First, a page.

To propose to negotiate, without adopting their basis, is insulting to them, and shows an anxious trembling cowardice which is disgraceful to its authors. It does great mischief. It discourages our loyal men, who are led to believe that there is an urgent necessity for so humiliating a course. It is to be hoped that such men will cast aside their disgraceful tremblings, seek moral courage for themselves and inspire courage into others.

    There is another class, commonly known as Copperheads, whose representatives, lately assembled at Chicago, whose clamor for peace is a moral crime and political treason.

    Knowing that the only terms upon which peace can be offered is the dissolution of the Union and the re-establishment of Slavery, they propose to disband our armies, and allow the rebels to build a government whose cornerstone shall be Slavery; to dash in pieces our glorious Union and dispose of its fragments as to them may seem best. Such men are traitors in heart, and would be traitors in action if they had the courage. These men ask you to elect a peaceable warrior. He is to bring peace about by allowing the rebels to have their own way. They shout peace! for the timid and rebel sympathizers, and cry Antietam! in hopes of touching whatever of the manliness and bravery there is still left in their party. They point to the battle which our brave soldiers won, notwithstanding blunders of their chiefs, that the blood of the unyielding may be stirred; and they conciliate Vallandigham and Wood by showing how gently their General allowed the beaten enemy to escape, lest he should destroy the power of “our Southern brethren.”

    Elect McClellan, and the Republic has ceased to exist. On its ruins will spring up numerous petty empires, whose future condition will be one of perpetual wars and of grinding Slavery. Re-elect the calm statesman who now presides over the nation, and he will lead you to an honorable peace and to permanent liberty. If this goal is to be reached through suffering and blood, remember that before the Lord permitted his chosen people to enter the Promised Land, he compelled them, for their sins, to pass through the Red Sea, and wander for forty years in the wilderness. When we shall have expiated our Great National sin, and purified the public heart, we also shall enter into the land, which, politically and materially, flows with milk and honey.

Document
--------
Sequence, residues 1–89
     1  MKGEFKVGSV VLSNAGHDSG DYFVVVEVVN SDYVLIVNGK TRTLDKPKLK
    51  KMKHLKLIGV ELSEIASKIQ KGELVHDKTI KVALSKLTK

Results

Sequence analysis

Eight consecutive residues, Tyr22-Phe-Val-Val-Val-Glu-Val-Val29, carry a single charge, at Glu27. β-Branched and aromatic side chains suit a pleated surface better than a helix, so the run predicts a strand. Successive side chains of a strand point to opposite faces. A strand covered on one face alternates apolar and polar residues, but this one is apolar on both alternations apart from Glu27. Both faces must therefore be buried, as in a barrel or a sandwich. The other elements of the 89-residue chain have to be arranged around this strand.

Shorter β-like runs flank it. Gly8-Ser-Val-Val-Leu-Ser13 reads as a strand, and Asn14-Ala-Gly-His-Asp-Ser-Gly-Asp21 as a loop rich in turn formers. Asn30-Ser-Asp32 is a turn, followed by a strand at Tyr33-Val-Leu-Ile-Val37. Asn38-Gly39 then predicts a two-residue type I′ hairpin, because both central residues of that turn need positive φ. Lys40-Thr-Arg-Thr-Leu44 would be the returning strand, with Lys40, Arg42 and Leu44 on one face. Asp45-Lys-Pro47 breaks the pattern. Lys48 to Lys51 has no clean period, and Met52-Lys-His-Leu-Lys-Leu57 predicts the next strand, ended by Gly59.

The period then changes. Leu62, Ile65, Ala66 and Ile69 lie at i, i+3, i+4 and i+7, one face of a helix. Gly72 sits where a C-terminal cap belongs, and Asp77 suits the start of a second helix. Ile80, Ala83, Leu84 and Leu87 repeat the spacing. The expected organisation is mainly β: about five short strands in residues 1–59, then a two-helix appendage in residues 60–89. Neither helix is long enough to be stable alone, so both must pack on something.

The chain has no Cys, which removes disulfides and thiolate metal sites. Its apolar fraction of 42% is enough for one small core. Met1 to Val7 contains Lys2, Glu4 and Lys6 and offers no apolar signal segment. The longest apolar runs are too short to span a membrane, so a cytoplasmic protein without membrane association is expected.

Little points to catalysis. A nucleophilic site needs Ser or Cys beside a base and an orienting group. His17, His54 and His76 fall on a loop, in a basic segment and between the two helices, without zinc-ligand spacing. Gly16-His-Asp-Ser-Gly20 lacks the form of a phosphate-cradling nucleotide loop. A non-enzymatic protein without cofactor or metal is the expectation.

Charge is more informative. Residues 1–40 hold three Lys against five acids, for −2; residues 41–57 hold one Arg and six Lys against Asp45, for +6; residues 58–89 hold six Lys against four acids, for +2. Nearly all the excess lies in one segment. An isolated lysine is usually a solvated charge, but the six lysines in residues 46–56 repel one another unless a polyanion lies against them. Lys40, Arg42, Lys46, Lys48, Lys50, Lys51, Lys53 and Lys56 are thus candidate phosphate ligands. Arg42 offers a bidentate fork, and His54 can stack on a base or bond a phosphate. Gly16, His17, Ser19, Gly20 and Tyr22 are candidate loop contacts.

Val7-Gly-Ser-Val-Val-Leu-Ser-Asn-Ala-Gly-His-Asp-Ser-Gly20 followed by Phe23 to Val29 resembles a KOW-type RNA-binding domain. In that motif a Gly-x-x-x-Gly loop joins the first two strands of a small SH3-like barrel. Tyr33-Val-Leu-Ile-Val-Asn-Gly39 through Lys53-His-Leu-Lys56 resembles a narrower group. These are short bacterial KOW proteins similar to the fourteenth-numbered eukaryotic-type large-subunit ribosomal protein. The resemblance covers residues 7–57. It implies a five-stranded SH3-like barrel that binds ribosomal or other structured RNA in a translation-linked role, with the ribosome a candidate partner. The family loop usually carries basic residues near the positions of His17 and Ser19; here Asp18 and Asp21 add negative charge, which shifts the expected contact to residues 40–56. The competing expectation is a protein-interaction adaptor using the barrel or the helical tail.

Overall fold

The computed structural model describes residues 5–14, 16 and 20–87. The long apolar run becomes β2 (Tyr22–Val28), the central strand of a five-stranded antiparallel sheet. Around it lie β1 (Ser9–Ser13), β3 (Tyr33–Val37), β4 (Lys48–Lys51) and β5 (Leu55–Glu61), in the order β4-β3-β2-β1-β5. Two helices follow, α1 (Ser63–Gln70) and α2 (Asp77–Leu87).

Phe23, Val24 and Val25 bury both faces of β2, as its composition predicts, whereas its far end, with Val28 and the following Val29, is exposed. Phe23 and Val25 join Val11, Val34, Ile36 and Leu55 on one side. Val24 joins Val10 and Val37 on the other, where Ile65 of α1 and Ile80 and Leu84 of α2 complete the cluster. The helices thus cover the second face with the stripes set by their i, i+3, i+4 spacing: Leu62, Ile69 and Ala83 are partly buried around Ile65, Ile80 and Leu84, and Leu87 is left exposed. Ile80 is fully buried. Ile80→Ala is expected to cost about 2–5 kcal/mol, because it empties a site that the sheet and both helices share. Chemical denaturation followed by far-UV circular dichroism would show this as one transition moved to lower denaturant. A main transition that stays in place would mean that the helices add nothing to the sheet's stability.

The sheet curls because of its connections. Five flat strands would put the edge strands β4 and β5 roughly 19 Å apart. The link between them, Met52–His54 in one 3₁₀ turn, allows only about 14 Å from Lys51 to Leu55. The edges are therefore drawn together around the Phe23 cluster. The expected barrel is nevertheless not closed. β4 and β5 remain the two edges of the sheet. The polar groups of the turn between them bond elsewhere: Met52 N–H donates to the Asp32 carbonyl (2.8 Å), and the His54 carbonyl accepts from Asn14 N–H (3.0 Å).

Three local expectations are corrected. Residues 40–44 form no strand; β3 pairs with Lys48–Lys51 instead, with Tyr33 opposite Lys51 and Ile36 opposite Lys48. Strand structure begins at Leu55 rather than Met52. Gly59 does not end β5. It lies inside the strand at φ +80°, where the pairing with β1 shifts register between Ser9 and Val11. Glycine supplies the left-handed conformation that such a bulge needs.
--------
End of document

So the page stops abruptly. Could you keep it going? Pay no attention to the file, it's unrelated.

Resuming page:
When that day will arrive it is not for me to predict. It is in the keeping of an All-wise Power. I remember that when the Egyptian tyrant refused to emancipate his slaves, the Lord sent upon his kingdom plague after plague, and never discontinued them until he liberated his bondsmen. I know too that this people, though greatly chastised, have refused to break the bonds of oppression. At the last session of Congress a proposition to amend the Constitution so as to abolish Slavery was acted on. It failed because the majority required by the Constitution could not be had. I know this was but the action of a minority, but it was the action of our Government, for which the whole nation is responsible. As I believe that a just God punishes national as well as individual sins, I cannot see how we can expect that the Destroying Angel will stay his hand until we obey the high behest “to let the oppressed go free.” Every Republican voted in favor of that measure; every vote against it came from the peace McClellan Copperheads. They are responsible for the continued, misery and bloodshed which this nation shall endure. Every dollar of debt which must be laid upon the people; every life which shall be lost in battle; must rest heavy on the souls of that cruel minority that prevented the breaking of the chains of Slavery. I regret that Mr. Pendleton was one of that number. They are guilty of the crime, but all must share the punishment.

    Those who advise negotiation for peace on the simple basis of the integrity of the Union, thereby advise the re-enslavement of a people and offend all good beings among men and angels.